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Pups In Prison

Pups In Prison published on

In my view the penal system cares very little about its inmates or indeed about the public’s safety.  Here in Australia it seems to be about keeping these guys, and of course guys is what most convicts are, in a place where they can’t commit any more crime. In places like the US it seems to be mostly about wringing corporate profits out of human misery.

What happens with most criminals, even the nonviolent ones, is that the system basically throws them away. While inside very little effort is put into trying to rehabilitate these guys, and when they come out they very often find it hard to get work and on top of that they have to put up with the stigma of being an ex-con.  In a welfare state like Australia the lack of work simply means having a lower standard of living,  in a country like the US it often comes down to a matter of survival, and will often leave the newly released convict with no choice but to re-offend.

There are however, some good programs aimed at rehabilitating convicts and in Australia one such is Pups in Prison. Run by Assistance Dogs Australia, the program uses men convicted of low-level offenses to train dogs that provide aid to the disabled by opening doors, flicking on light switches – the kind of thing that most able-bodied people take for granted. And I should point out that these men are from minimum security, so don’t worry – no one is giving a serial killer a puppy!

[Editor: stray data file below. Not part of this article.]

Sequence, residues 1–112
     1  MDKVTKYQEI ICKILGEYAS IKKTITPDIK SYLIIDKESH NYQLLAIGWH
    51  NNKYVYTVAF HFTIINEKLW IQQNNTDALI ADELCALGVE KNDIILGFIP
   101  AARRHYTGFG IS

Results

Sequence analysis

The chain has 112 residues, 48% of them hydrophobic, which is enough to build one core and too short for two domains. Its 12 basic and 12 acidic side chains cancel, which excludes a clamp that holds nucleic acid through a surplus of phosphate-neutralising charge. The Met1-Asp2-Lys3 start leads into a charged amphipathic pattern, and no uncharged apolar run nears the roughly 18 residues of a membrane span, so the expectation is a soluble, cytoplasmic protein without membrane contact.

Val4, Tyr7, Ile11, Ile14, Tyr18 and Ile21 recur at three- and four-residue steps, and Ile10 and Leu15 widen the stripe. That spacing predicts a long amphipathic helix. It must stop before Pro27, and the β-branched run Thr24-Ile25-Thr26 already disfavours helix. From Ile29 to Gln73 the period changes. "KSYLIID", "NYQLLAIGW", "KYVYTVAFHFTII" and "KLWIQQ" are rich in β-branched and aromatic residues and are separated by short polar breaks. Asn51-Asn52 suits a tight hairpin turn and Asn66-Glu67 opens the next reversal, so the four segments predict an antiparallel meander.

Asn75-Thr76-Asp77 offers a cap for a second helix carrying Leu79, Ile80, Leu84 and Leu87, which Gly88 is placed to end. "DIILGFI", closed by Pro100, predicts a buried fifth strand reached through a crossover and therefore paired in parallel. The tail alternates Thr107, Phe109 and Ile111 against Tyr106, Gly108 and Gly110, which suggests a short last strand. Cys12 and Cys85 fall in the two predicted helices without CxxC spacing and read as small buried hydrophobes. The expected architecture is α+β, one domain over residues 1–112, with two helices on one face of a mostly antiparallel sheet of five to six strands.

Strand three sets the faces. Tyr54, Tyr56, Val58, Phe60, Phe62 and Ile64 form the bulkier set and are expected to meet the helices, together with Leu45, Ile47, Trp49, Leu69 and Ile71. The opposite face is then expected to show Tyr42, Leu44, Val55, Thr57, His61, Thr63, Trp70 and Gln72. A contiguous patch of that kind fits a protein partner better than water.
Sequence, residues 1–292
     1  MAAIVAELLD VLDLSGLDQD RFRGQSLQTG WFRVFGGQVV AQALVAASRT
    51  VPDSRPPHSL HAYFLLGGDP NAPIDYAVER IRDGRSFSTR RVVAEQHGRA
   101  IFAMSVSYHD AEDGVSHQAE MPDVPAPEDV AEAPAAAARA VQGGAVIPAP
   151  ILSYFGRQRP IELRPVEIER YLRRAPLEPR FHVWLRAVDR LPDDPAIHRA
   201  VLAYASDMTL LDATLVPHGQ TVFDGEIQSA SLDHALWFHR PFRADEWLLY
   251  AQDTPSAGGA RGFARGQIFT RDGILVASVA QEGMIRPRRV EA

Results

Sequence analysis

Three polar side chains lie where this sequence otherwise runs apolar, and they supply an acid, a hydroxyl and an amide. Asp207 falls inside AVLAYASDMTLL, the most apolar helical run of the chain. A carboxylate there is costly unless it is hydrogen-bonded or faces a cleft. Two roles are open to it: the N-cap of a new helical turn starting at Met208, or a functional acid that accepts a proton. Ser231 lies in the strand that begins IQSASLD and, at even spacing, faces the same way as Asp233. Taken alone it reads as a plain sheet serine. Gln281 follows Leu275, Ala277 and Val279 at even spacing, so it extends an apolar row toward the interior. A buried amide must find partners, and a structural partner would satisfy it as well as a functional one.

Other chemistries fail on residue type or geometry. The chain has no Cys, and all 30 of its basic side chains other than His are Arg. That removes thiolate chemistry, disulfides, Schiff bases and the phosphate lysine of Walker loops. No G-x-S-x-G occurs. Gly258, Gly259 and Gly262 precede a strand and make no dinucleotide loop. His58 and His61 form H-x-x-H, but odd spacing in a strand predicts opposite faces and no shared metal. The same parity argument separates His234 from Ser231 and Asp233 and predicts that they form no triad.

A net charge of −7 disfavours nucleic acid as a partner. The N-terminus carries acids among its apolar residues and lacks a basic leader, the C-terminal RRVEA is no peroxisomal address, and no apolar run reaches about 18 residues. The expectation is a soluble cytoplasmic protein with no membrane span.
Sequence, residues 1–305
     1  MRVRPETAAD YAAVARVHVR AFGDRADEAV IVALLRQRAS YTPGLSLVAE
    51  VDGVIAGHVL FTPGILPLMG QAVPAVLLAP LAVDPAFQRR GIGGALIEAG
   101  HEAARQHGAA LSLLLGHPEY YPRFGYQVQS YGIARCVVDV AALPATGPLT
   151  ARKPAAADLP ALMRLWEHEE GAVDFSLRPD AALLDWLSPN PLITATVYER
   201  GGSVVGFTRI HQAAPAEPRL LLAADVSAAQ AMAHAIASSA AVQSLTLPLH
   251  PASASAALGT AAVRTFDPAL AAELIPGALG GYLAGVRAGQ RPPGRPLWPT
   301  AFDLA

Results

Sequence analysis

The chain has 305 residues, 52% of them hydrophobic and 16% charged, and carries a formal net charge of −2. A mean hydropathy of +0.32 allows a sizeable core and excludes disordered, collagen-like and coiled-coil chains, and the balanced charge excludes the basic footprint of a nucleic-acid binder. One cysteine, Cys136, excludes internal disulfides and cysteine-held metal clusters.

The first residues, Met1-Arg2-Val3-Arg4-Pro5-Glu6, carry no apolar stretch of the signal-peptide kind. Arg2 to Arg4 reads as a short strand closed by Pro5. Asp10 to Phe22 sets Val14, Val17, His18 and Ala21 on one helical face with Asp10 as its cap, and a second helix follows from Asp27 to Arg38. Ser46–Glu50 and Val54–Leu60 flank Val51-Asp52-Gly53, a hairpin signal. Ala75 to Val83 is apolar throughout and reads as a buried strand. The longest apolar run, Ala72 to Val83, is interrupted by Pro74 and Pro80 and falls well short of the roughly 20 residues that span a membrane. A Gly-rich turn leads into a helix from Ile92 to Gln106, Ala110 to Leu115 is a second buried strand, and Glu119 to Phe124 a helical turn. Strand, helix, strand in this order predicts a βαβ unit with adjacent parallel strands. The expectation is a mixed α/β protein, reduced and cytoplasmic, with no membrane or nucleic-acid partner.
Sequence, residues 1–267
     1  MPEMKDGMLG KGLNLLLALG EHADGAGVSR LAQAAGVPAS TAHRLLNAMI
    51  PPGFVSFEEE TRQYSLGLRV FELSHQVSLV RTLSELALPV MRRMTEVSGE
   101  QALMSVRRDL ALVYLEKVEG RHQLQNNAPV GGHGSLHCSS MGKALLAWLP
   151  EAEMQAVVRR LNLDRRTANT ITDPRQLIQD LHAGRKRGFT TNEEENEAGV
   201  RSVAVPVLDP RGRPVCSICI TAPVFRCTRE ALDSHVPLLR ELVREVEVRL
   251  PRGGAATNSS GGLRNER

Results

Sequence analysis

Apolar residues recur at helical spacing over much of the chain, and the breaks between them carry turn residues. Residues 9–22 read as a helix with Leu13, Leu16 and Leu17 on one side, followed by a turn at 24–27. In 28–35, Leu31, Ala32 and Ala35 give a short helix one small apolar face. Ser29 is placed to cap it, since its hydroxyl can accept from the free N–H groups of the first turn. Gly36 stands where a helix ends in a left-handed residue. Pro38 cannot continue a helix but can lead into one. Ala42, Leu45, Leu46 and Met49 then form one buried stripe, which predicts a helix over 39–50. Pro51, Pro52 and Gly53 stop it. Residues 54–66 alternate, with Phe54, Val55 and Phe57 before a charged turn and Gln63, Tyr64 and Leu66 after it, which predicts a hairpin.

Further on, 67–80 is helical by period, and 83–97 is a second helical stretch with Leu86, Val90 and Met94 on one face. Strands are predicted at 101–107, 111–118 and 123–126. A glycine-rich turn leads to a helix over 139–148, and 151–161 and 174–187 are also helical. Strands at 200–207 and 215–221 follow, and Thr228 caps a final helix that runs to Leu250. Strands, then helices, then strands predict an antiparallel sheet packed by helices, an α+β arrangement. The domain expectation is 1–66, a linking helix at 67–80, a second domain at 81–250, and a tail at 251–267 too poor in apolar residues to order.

Training these dogs helps in the men’s rehabilitation by giving them skills that they may be able to use to get a legitimate source of income once they have left the jail, but the benefits seem to be mostly on the psychological level. As one inmate puts it…

“For the first time in years it will allow us to show softness, tenderness and affection. Caring for these dogs will help us rekindle certain feelings and emotions, help us lighten up and bring a little more humanity into our lives…

Instead of taking from society, it [the Pups in Prison Program] provides us with an opportunity to actually give back. From criminal to contributor.

“It [the Pups in Prison Program] has a win-win-win-win aspect to it. It will help us inmates, it will help Assistance Dogs Australia, it will help people with special needs and it will also help the prison environment, by improving self esteem and empathy levels among inmates, increase positive behaviours and moods, create better relationships between staff and inmates and open up more opportunities for education, training and employment…”

Nothing being perfect, Pups In Prison won’t have a beneficial effect on all of these men but it will on some and that’s good enough for me, so as long as it’s not being used to make life easier for seriously violent offenders and as long as no one decides to give Michael Vick one of these dogs, it’s a piece of good news in an otherwise bleak situation.

Article here

One of the convicts in this video seems to be wearing a pair of sneakers that mysteriously disappeared from my closet a few months ago, I assume however that this is a mere coincidence….